3D display goes deeper

September 24/October 1, 2003

When it comes to three-dimensional displays, there are usually compromises. Some methods have narrow viewpoints that require a user to view the image from directly in front of a screen. Some methods require that the user look through special glasses. Other methods don't provide a lot of depth.

Researchers from Seoul National University in Korea have found a way to deepen one type of three-dimensional display method -- integral imaging -- that has historically suffered from relatively shallow depth, but does not require users to wear glasses.

The method could eventually be used to make three-dimensional billboards and three-dimensional television.

The method makes images appear at three distinct depths by controlling the polarization and direction of the light rays that the display generates. The researchers' prototype display contains a polarizer and sliding slit mask, a calcite crystal, and an array of lenses.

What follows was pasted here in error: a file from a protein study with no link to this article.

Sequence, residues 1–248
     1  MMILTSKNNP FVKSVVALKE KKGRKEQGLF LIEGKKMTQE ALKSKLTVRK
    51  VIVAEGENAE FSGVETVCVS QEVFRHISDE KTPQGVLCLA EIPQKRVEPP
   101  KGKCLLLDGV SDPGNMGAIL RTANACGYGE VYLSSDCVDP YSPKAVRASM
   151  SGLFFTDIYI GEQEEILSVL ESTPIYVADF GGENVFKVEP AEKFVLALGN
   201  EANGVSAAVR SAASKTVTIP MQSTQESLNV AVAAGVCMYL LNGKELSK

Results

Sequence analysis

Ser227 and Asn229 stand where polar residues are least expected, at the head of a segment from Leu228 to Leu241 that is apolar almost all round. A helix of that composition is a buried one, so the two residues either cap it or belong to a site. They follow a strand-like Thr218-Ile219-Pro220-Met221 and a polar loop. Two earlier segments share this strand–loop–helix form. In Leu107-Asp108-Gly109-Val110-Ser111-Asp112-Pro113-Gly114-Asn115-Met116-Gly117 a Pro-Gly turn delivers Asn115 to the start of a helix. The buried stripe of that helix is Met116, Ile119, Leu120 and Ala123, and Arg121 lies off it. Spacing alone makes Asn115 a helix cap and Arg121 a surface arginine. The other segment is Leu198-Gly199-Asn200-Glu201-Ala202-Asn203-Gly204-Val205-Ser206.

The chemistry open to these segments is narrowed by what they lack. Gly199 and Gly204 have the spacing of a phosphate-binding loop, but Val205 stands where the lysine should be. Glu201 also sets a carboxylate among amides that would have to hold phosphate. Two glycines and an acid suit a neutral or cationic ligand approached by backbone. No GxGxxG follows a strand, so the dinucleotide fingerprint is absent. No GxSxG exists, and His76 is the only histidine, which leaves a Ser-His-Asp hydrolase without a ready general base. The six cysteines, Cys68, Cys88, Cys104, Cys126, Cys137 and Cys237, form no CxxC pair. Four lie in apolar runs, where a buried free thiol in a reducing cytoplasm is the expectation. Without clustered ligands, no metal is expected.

The polarizer switches the display's light among vertically polarized, horizontally polarized and unpolarized light more quickly than the eye can detect. The crystal changes the angles at which the two types of polarized light travel to the lenses. This causes the three types of light to focus at three different depths.

The method could be used for applications like three-dimensional advertisements in five years, and in three-dimensional television in 10 or more years, according to the researchers. The work appeared in the August 11, 2003 issue of Optics Express.

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